Sarcomere protein gene mutations cause familial hypertrophic cardiomyopathy (HCM), sporadic HCM, pediatric HCM and HCM of the elderly and occur in approximately 1 million people in the US. The molecular mechanisms by which these mutations produce the clinical features of LVH remain largely unknown. We have produced mouse models that carry selective human mutations, characterized the development of histopathology, assessed candidate molecules for triggering hypertrophic signaling, and performed comprehensive (SAGE) transcriptional profiling early and late in pathologic remodeling of ventricular myocardium. Phenotypic characterization of genetically identical HCM mice demonstrated that responses to sarcomere protein gene mutations are complex, activating different molecular pathways in different myocytes within the same heart. These different cellular pathways must be activated by different environmental factors. The central hypotheses of this application is that different myocyte populations will be distinguished by different expression profile signatures and that definition of these RNA signatures will help to identify key molecules that are involved in directing each facet of the hypertrophic response. Our previous efforts to identify transcriptional signatures of HCM have involved using existing techniques to assess RNA expression in the entire left ventricle of HCM mice. Our initial efforts to identify RNA profile signatures were confounded by three technical problems: 1) Existing transcriptional profiling technologies did not allow assessment of RNAs that are expressed at low levels; 2) Cardiac tissue was treated as a homogenous cell population; 3) The response to sarcomere protein gene mutations varies considerably even between genetically identical mice. Here we propose two approaches to overcome the technical difficulties encountered in characterizing the hypertrophic response. First, we will isolate specific cell populations in which a particular molecular marker of a hypertrophic response has been activated. For example, we will use a marker gene in which the (3-myosin heavy chain (MHC) gene promoter drives a fluorescent yellow protein to isolate cells in which this molecular hypertrophy marker is activated. Second, we have recently developed a modified RNA profiling method, we have termed PMAGE (polony multiplex analysis of gene expression), which provides about 100 fold more sensitivity than existing techniques. We propose to define the role of proteins whose expression is altered in different myocyte subsets. Specifically we propose to: 1) Isolate mouse myocyte populations with shared molecular responses to HCM mutations. 2) Employ a highly sensitive RNA profiling technique PMAGE to define RNA profiles in mouse myocyte populations. 3) Assess roles of signaling proteins in hypertrophic pathways triggered by sarcomere gene mutations. 4) Assess RNA profiles and screen candidate genes for mutations in human HCM samples. ? ? ?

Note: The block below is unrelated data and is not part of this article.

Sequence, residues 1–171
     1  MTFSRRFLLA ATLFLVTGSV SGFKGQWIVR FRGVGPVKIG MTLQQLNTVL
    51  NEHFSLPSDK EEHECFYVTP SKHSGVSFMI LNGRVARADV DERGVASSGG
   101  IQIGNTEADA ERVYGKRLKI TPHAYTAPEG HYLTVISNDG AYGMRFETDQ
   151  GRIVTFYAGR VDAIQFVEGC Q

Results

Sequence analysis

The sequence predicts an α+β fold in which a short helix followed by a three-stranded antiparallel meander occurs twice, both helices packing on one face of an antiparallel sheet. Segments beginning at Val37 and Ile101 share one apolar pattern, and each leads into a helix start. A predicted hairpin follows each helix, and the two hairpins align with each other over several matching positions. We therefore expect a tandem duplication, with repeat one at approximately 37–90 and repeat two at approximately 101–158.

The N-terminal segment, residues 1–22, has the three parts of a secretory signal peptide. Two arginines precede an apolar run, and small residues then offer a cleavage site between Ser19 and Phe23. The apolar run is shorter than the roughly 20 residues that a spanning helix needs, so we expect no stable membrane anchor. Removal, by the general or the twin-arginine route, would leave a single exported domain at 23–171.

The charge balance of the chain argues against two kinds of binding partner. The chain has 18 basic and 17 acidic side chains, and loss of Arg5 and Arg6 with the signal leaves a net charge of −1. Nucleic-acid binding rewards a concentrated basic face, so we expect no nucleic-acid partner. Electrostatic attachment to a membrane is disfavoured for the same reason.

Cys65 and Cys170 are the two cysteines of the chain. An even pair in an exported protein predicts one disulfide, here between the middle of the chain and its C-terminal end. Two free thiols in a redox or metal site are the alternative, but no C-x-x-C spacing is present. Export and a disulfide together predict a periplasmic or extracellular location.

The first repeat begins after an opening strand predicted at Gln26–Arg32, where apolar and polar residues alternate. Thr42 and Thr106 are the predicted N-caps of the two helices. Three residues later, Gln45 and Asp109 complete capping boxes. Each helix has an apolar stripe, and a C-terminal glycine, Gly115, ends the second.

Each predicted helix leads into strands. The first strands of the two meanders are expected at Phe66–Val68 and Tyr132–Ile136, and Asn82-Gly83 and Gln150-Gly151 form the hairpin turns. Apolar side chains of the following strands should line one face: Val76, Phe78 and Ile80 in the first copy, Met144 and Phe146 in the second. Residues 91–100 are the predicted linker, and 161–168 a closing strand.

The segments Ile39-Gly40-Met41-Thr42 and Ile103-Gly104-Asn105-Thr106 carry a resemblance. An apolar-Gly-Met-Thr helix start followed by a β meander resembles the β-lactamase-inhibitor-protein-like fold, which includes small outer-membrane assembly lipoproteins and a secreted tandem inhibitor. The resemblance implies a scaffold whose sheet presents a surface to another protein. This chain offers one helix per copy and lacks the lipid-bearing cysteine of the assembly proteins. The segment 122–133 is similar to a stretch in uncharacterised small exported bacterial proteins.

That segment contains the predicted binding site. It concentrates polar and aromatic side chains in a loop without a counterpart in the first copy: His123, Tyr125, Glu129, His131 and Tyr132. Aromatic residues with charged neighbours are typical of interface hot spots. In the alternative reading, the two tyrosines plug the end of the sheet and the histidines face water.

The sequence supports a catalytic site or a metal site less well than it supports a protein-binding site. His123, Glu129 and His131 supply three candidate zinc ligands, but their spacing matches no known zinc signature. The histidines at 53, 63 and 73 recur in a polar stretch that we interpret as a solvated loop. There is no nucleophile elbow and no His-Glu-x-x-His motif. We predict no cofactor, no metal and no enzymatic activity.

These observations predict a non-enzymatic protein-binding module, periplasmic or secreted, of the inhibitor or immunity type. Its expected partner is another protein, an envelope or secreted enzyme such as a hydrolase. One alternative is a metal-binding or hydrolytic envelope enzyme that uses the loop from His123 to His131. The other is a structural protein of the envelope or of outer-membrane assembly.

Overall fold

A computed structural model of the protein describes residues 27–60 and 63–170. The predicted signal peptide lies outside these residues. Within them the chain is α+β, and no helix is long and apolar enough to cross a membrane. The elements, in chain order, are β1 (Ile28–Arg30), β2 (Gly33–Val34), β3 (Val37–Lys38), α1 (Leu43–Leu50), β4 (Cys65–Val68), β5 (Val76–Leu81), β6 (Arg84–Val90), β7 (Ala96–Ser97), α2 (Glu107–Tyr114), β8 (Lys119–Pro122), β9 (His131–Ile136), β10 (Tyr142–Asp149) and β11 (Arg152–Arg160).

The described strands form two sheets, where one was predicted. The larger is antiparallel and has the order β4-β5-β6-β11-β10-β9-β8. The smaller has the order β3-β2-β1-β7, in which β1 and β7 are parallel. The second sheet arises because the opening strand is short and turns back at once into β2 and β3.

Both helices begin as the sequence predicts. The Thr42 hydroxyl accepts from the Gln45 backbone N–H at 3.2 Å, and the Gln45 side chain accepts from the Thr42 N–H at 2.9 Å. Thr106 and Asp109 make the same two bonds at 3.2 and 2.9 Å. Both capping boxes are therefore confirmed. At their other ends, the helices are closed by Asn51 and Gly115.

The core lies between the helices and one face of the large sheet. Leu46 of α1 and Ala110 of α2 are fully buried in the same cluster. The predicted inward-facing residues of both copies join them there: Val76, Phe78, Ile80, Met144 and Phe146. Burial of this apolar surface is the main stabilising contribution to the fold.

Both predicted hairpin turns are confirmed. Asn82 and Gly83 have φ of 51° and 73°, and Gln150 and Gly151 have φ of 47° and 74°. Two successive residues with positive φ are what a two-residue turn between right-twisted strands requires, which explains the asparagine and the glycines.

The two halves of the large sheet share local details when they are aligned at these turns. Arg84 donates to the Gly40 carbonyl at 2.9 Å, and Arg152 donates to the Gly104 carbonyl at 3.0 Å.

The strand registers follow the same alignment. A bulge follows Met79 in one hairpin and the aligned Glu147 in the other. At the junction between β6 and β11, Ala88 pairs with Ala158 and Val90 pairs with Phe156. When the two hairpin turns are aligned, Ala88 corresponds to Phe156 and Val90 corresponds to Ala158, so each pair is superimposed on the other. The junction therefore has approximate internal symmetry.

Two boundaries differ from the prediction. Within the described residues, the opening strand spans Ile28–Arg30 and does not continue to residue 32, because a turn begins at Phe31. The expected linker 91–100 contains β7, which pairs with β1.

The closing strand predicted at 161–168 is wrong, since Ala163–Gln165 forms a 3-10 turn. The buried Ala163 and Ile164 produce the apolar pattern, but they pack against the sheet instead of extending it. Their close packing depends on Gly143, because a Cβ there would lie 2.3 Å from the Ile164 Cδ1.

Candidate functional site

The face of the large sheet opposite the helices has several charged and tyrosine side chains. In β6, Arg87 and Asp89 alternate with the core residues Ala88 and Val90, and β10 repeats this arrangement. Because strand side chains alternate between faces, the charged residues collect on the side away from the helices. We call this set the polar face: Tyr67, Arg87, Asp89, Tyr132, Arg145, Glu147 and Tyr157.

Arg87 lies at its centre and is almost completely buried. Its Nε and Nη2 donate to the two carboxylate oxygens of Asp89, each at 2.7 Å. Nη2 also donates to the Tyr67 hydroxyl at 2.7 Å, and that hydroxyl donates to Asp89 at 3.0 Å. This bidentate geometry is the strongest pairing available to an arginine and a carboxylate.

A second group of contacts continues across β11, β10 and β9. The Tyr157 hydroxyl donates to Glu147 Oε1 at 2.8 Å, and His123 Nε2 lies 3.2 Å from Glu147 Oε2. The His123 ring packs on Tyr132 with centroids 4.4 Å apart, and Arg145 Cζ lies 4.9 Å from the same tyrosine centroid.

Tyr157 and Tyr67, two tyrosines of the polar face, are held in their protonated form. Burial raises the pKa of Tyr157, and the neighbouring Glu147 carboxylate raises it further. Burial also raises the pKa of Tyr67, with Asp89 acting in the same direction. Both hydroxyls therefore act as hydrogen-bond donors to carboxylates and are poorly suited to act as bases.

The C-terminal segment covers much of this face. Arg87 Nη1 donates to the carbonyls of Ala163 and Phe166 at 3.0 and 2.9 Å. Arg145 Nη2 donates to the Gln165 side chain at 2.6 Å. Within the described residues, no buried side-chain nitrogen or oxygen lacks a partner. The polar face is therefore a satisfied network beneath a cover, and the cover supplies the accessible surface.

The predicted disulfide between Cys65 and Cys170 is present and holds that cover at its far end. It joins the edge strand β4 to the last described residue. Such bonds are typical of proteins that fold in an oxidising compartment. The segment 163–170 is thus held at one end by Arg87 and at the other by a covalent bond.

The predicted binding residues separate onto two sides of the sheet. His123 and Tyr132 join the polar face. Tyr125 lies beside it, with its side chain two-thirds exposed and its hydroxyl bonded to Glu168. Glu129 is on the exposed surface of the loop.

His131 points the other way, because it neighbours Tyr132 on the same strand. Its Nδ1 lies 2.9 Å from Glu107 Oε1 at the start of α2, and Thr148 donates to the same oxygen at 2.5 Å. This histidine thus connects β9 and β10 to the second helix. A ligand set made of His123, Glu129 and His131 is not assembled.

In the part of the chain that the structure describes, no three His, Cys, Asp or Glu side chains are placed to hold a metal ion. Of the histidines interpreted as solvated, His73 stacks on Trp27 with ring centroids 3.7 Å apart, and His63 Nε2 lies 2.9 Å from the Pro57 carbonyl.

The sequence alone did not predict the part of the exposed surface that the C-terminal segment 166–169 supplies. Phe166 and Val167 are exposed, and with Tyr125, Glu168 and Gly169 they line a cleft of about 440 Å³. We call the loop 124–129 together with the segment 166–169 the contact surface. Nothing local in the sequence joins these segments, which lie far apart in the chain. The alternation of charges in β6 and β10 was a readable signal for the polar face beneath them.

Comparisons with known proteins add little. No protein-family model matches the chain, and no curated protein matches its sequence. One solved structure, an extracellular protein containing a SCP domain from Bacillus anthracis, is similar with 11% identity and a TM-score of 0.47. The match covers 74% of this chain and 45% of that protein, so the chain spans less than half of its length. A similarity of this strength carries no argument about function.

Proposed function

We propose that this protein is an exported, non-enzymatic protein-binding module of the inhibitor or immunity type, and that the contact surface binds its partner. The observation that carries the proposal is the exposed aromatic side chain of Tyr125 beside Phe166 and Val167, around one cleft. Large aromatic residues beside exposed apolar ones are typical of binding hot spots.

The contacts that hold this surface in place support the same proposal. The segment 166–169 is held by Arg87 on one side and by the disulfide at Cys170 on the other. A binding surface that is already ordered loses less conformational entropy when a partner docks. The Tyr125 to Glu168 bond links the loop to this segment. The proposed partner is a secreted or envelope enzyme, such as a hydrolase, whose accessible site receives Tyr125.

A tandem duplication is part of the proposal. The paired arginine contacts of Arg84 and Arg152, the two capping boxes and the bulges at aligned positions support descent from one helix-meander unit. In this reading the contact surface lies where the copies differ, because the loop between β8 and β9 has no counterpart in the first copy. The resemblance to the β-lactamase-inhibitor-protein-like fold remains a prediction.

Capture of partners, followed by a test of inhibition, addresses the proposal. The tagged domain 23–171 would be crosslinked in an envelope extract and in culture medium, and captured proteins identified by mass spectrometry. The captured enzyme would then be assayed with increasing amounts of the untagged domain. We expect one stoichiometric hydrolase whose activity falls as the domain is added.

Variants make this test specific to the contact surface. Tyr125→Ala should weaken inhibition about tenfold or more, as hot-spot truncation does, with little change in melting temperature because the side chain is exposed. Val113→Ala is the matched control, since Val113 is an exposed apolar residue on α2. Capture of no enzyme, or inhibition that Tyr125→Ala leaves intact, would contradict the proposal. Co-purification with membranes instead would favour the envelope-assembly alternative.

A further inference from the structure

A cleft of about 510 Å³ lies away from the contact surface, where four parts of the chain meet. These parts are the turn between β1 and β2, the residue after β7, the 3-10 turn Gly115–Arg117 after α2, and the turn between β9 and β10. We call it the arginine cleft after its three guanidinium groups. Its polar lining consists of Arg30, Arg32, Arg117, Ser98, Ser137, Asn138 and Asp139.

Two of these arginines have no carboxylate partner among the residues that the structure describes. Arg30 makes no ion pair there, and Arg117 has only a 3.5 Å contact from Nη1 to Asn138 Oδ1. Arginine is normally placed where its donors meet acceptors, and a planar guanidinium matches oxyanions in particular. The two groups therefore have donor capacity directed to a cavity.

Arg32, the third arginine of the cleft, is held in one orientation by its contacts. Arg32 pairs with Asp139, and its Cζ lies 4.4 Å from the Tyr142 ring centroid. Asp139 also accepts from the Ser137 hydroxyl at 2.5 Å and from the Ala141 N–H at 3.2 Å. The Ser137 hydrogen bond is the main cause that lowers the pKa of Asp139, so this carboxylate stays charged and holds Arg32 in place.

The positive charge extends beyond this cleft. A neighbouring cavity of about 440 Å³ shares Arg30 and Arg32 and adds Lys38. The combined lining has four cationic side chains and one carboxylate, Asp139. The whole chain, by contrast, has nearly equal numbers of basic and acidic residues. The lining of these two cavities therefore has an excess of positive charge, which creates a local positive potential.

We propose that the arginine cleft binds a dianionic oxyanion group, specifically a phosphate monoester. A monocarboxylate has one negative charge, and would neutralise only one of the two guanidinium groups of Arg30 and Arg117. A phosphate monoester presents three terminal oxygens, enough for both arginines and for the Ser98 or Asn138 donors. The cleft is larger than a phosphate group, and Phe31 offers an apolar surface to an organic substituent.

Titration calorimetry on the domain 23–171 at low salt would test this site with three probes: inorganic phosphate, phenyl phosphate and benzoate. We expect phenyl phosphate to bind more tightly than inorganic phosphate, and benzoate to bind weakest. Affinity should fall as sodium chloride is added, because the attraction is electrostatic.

National Institute of Health (NIH)
National Heart, Lung, and Blood Institute (NHLBI)
Research Project (R01)
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Cardiac Contractility, Hypertrophy, and Failure Study Section (CCHF)
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Wang, Lan-Hsiang
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Harvard University
Internal Medicine/Medicine
Schools of Medicine
United States
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